Mark Reads ‘Going Postal’: Chapter 1, Part II

In the second half of the first chapter of Going Postal, I was not ready for this. Intrigued? Then it’s time for Mark to read Discworld.

I love that I am now on to my thirty-third book in this series, and Pratchett STILL has surprises for me. The opening of this book is a shocker (though very in-character for Vetinari), but not just because the main character “dies.” That’s certainly an unexpected thing, but the very character of Moist von Lipwig feels so unlike the characters we’ve gotten before.

He is a pragmatist; he’s cynical; his view of humanity is not hopeful or kind, but a product of his self-interest. And while we don’t quite know what it was that he did to land in jail and get executed—I assume it has to do with the $150,000 he’s got hiding somewhere. But that’s the thing: that’s only part of a long, long line of fraud. Because Moist von Lipwig is a professional con man, and he has spent his entire life screwing people over. So, at the start of this, he isn’t exactly a likable character. I don’t think that is something to judge the value of a book, either, because I love unlikable characters. I like messiness and honesty and complexity. And Moist, after being saved by Vetinari, is still GLORIOUSLY messy. He doesn’t waste any time IMMEDIATELY betraying the second chance he’s given.

Of course, the question of WHY hangs over all of this. Why the hell does Lord Vetinari believe that of all people, professional conman and thief Moist von Lipwig is the best person for refurbishing the Ankh-Morpork post office? I mentioned on video that I didn’t even know there was postal service in the city, at least not in an organized sense. Now, Vetinari is usually ahead of the curve in terms of how Ankh-Morpork changes, so there’s likely a very important reason why this needs to happen now. Thus, it’s not a stretch that there’s some value he sees in Moist that he wants to be applied in this specific instance.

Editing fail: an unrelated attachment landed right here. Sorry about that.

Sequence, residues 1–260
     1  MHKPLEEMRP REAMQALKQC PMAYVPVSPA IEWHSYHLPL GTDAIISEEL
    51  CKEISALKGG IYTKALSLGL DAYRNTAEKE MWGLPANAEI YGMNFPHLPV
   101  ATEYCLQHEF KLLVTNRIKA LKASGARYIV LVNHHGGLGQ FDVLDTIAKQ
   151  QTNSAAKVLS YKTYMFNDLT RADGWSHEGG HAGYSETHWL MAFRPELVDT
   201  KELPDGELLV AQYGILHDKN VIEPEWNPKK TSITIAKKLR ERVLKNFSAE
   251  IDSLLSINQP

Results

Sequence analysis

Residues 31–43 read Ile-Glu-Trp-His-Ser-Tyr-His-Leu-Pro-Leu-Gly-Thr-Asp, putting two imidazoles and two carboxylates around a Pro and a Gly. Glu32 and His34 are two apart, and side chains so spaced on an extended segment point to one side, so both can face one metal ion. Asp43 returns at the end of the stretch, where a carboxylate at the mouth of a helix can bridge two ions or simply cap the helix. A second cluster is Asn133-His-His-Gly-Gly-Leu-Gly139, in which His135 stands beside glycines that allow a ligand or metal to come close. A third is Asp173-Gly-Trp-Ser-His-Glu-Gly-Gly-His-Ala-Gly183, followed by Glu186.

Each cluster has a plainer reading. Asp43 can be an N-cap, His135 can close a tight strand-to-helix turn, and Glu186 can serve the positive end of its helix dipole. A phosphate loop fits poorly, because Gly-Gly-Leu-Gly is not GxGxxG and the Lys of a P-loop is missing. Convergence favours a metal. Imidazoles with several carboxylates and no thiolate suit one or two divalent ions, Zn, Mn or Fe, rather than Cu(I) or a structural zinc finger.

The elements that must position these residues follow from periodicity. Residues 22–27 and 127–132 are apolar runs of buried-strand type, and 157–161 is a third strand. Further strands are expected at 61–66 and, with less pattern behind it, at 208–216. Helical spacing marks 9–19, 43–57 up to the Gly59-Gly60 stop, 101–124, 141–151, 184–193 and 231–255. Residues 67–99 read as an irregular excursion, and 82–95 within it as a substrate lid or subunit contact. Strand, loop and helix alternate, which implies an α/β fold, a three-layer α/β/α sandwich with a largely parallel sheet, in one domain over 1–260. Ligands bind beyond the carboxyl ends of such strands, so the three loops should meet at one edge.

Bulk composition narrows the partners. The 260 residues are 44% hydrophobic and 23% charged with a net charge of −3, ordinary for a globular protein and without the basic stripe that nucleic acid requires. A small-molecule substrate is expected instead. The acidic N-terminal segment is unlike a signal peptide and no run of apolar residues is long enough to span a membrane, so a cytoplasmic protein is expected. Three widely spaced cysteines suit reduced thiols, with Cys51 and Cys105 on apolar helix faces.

But a post office? Wouldn’t you want someone trustworthy? Honest? Deeply organized? Appreciative of the civic value of the postal service? Instead, this is who he chose?

“Er… when you… sentenced … Alfred Spangler—”

“Well done. Do carry on.”

“—you said he was a natural-born criminal, a fraudster by vocation, a habitual liar, a perverted genius, and totally untrustworthy!”

There’s something there, right? There’s got to be!

But Pratchett doesn’t make this easy. After being saved from a hanging, Moist is offered a job, set free, told to be at the Post Office in ten minutes to meet his parole officer, and he… well. I guess I’m not surprised, given what little I know about him? Because he flees. And why wouldn’t he? Here’s a man who has always run away from his problems, who has used his plainness as a person to blend in, who charms people out of their belongings and money, who knows how to escape better than anyone else. (Though perhaps he’d find some kinship in Rincewind, who is also rather thrilled about the idea of just running away.) Running away is second nature. Running away makes sense. Running away is far more comfortable than staying, and I got the sense that Moist has never, ever held himself accountable for anything he’s ever done. Hell, even as he approached the gallows, he still thought he’d be saved, that he’d be able to dodge that consequence as well! 

Well, Moist gets a wake-up call in the town of Hapley, and it’s both literal and figurative, and it comes from Mr. Pump, his parole officer. WHO IS A GOLEM. (And I must say it’s really cool that Pratchett has Vetinari firmly scold Moist more than once about Mr. Pump’s pronouns!) It’s such a funny scene both in its absurdity—the reader and Moist don’t know who is chasing them, who clamped his horse, how he was found—and because it’s weirdly satisfying. Oh, you thought you could get away from Lord Vetinari? Sir. SIR. That just doesn’t happen. Vetinari only lets people escape, and that is ultimately part of his plan, too. 

I have a theory about that, though. I think there’s a chance that Mr. Pump can’t actually harm Moist, but rather, Vetinari and Mr. Pump are just leveraging the potential of harm. It’s possible that Vetinari has changed the rules and used a scroll to grant Mr. Pump the moral permission to hurt Moist as needed, but I suspect it isn’t actually gonna happen. 

So this is Moist’s choice: he can remain in Ankh-Morpork and take the opportunity given to him by Lord Vetinari, or he can choose Mr. Pump, an eternal chase across the Disc that Mr. Pump will never tire from. The better option seems obvious to me, but I still can’t figure out why Moist is so suited for this!

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About Mark Oshiro

Perpetually unprepared since '09.
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